MIAMI — Curtis Granderson is baseball’s equivalent of Jason, the machete-wielding villain from the Friday the 13th movies. Just when you think he’s been eliminated for good, another rampage is about to begin.
Mets hitting coach Kevin Long certainly gets the analogy.
“Friday the 13th, what is this No. 6 or 7 for Granderson?” Long said. “I guess I’m so used to it. Like him, I don’t panic. I always think he is going to come out of it. I know things are going to go his way.”
The 36-year-old outfielder has been among the NL’s best hitters in June, after an atrocious start to 2017 that brought into question whether the club might consider releasing him.
Instead he will take a whopping 1.122 OPS over his last 37 games into Tuesday against the Marlins, as he again resembles the Granderson the Mets have come to know and appreciate.
Along the way he is creating a daily dilemma for manager Terry Collins, who has four outfielders for three spots, and lately that has meant a seat on the bench for Michael Conforto.
Granderson had maybe his best game of the season Sunday, when against the Giants he reached base five times, which included hitting a homer into McCovey Cove beyond AT&T Park’s right-field wall and drawing three walks. His slash line is a season’s best .235/.328/.457 with 10 homers and 29 RBIs.
“I wouldn’t necessarily say I am locked in, because nothing has really changed,” Granderson said. “The approach is still the same, the chase rate that we keep track of is still all the same. The walks are attributed to the opposition missing. I’m not necessarily doing anything in that situation. If my chase rates have changed I am doing something different, but they haven’t.”
Said Long: “His attitude is never going to change. I couldn’t tell you if he’s hot or cold, and I think that truly helps him at the end of the day.”
Granderson had a .122/.175/.211 slash line on May 3, but with Yoenis Cespedes on the disabled list, Granderson was needed in the lineup. And by the time Cespedes returned, on June 10, Granderson had become too consistent to bury on the bench. Now, the Mets are relying on him.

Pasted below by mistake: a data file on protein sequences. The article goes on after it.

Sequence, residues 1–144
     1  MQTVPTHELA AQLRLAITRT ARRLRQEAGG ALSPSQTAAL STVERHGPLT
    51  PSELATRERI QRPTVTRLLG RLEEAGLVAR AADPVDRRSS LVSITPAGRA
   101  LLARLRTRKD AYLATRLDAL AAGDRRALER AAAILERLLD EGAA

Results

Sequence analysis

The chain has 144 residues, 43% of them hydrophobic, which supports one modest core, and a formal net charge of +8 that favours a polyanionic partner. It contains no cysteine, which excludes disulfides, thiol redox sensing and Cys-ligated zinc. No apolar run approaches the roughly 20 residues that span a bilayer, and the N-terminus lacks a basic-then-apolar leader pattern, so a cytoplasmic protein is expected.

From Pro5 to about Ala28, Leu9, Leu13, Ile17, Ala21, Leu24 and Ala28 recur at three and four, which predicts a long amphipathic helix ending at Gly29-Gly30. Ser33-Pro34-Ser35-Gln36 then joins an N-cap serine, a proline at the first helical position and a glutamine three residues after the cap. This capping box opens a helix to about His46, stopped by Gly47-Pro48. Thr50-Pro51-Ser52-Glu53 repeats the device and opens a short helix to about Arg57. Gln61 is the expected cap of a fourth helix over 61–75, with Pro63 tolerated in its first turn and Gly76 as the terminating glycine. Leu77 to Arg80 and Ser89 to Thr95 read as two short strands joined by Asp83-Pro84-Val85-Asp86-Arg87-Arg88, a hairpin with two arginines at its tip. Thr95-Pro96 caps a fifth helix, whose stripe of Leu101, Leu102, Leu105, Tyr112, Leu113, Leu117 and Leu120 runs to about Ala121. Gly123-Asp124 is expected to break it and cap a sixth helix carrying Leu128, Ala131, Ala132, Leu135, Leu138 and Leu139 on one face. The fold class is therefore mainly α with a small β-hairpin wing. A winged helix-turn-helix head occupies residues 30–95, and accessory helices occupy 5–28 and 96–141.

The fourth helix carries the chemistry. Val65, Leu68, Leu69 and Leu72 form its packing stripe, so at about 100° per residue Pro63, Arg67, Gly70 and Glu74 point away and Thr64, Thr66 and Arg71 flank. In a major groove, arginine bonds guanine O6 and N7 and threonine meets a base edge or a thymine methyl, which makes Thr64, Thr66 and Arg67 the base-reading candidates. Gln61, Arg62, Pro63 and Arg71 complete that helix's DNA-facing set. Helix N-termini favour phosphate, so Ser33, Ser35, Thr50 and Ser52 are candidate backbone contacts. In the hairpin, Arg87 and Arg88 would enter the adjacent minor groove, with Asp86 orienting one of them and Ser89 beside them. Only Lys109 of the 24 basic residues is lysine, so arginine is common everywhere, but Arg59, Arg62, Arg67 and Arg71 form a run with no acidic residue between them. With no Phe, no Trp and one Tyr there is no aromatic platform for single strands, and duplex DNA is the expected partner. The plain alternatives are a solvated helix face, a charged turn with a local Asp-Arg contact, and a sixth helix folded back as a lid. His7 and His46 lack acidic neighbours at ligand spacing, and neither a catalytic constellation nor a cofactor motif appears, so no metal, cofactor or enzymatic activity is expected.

“If I told you the number of times I have seen people count him out and count him dead, he was literally crawling to his grave,” said Long, who was also Granderson’s hitting coach with the Yankees. “I have seen it. I guess what I have learned through my years, with Curtis especially, is we have just got to stay patient, and if we stay patient he’s going to be the type of player we know he can be.”
Granderson was asked if he takes any pleasure in proving wrong the naysayers who are ready to bury him each year.
“There’s always people that are going to feel a certain situation is equipped for other players, and there’s going to be some people that are on your side,” Granderson said. “No matter what, you can’t make everybody happy. Even the guys that are hitting great, people say, ‘He’s slow,’ or they say, ‘He’s older. He can’t play this position.’ Even the best guys always have some negative stuff said about them.”
With the Mets teetering in the NL East — even with their three-game sweep of the Giants, they are 34-41 and 11 games behind the Nationals (the deficit in the wild-card race was 11 ½ games entering Monday) — Granderson could emerge as trade bait as he finishes his four-year contract worth $60 million.
But don’t expect any trade buzz to distract Granderson.
“I have dealt with rumors before, so it wouldn’t be anything new on that side of things,” Granderson said, noting that in 2007 he thought the Tigers would deal him to the Braves at midseason. “Nothing happened. Experiencing that, I said I wasn’t going to let that happen again.”